Those triumphs included wins that made Merckx a superstar all over Europe, where competitive cycling enjoys a larger audience than in the United States. His wins included the Giro d'Italia in 1970, 1972, and 1974, and the Vuelta d'España in 1973—races that, together with the Tour de France, make up a so-called Grand Tour. Merckx remains one of just a few cyclists who has won all three races over the course of his career, and his 1974 triple victory in the Giro d'Italia, Tour de France, and World Championship Road Race is even rarer; the only other cyclist to accomplish it was Stephen Roche in 1987. One of Merckx's greatest accomplishments came in the difficult high-altitude environment of Mexico City in 1972, where he set a new record for the greatest distance traveled by a cyclist in one hour: 49.431 kilometers, or about 30.715 miles. That record stood for several years before finally being broken by cyclists riding bikes technically superior to the one Merckx had used; his record was restored when such bikes were banned, and no one using similar equipment exceeded Merckx's distance until Britain's Chris Boardman did it in 2000.

Part of Merckx's mastery could be credited to his inexhaustible attention to the small details of cycling. He was said to have a basement full of bicycle tires, and he would sometimes get up in the middle of the night to adjust his bicycle seat. Although he was “never afraid to have a beer or a cigarette,” as quoted by the London Guardian, Merckx was in every way a fierce competitor who hated to lose in any contest, even after he retired from professional cycling. He amassed his unprecedented win total mostly by entering every race he could and going all out for victory, while most of his competitors were making trade-offs among themselves and cutting deals to help each other. “He was called ‘The Cannibal’ by frustrated opponents because he would try to win every race, whatever the time and place,” noted the BBC. “This is not the way to win friends in cycling, where the handing out of a few favors to call back in later is an essential part of the competitors' armory.”

Punched by Spectator

Merckx's 1974 victories in the Tour de France and Giro d'Italia were to be his last Grand Tour wins. In 1975, during one of the legendary climbing stages of the Tour de France, he was punched in the stomach by a spectator, and later in the race he fractured a cheekbone in a crash. In neither situation did he consider giving up, but he did lose the race to Bernard Thevenet by three minutes. Merckx turned 30 in 1976, and his victories became rarer and more restricted to smaller events. In 1978, plagued by back problems, he retired.

Merckx was an example of a single-minded athlete who found himself at loose ends after his competitive career came to and end. Used to eating 3,500-calorie breakfasts as a competitor on his way to annual training distances variously estimated at 30,000 kilometers and 30,000 miles, he was often described as rotund or even corpulent by the 1990s. Merckx snapped out of his malaise by throwing himself into bicycle manufacturing with the same energy that had consumed him as a racer. At first he concentrated on custom made bicycles for other racers, but by the early 1990s he had branched out into general sales of high-end bicycles, and Eddy Merckx bicycles were produced at a factory in Meise, Belgium, that Merckx himself oversaw.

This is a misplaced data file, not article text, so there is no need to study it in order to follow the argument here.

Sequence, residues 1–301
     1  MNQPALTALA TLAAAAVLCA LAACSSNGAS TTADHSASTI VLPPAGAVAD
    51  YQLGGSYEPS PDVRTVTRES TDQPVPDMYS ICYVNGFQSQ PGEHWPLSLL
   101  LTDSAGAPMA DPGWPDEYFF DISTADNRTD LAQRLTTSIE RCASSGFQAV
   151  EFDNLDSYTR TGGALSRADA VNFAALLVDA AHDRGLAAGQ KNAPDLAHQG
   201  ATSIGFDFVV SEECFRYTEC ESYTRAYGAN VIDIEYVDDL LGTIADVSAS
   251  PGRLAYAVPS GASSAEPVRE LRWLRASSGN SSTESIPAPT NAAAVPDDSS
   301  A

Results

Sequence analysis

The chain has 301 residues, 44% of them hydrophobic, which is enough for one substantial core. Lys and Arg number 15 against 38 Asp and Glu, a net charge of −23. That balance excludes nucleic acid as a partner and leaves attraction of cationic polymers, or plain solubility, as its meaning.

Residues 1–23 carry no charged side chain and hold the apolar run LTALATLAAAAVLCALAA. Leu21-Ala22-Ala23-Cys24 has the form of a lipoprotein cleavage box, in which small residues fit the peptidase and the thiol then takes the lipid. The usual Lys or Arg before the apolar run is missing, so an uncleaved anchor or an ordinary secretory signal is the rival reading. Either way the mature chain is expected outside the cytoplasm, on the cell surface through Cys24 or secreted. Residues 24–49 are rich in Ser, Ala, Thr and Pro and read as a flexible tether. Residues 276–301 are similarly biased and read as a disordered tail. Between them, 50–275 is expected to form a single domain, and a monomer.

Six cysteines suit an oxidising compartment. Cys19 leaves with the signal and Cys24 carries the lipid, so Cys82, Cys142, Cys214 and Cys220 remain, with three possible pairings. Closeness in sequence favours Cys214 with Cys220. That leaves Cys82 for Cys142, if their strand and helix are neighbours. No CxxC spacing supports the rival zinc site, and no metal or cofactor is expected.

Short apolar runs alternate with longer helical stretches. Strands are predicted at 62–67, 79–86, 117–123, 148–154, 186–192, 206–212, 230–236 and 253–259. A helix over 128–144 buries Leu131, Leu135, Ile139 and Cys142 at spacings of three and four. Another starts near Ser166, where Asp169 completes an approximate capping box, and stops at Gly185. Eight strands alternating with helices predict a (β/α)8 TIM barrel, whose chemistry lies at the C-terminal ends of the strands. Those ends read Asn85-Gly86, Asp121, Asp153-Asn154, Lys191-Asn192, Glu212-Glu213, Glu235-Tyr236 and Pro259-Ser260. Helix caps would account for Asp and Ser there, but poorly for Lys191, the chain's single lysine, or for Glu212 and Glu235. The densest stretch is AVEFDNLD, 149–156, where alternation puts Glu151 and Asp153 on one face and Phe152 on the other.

Merckx was quick to befriend Lance Armstrong, the brilliant American cyclist who invaded the traditionally European sport of cycling. The two met after Armstrong chose a Merckx bicycle for competition at the 1992 Summer Olympics in Barcelona, Spain. Merckx encouraged Armstrong, telling him that he would be able to win the Tour de France if he lost weight, and when Armstrong was stricken with testicular cancer Merckx visited him in the hospital. Armstrong's dogged determination to fight his way back to the top after beating the cancer into remission appealed to Merckx, who said in an interview, as quoted by William Fotheringham in the London Observer, “[Armstrong] was determined to come back to what he had been and I was impressed. No one believed in him at the time. Even I would never have thought he was capable of coming back and winning the Tour de France.” Merckx's friendship with Armstrong was tested only when Armstrong competed against one specific cyclist—Merckx's son Axel, who began racing in the 1990s and won a stage of the Giro d'Italia in May of 2000.

Merckx, who continued to ride a bicycle a few days a week, remained a superstar in Belgium and much of the rest of Europe, widely recognized when he walked down the street as a result of television cycling commentary and the fame he had accumulated. Two decades after his retirement, he could still turn out a line of fans two hours long for an autograph session in Boulder, Colorado. “I have no regrets at all,” he explained to Bicycling magazine on that occasion. “With all the races I won, what regrets could I possibly have?” The year 2006 saw the release of a DVD biography, Eddy Merckx: Hunger for Glory.


Vanwallaghem, Rik, Eddy Merckx: The Greatest Cyclist of the 20th Century, translated by Steve Hawkins, Inside Communications, 2000.


Bicycling, May 26, 1997.

Guardian (London, England), January 3, 1997.

Independent on Sunday (London, England), July 24, 2005.

Investor's Business Daily, March 27, 2000.

New York Times, August 2, 1998; July 12, 2000.

Observer (London, England), July 7, 2002.


“Cannibal's Recipe for Success,” British Broadcasting Corporation, (December 27, 2007).

“Eddy Merckx,” Cycling Hall of Fame, (December 27, 2007).

“Eddy Merckx,” Milan–San Remo Title, (December 27, 2007).

“Eddy Merckx—The Cyclist,” British Broadcasting Corporation, (December 27, 2007).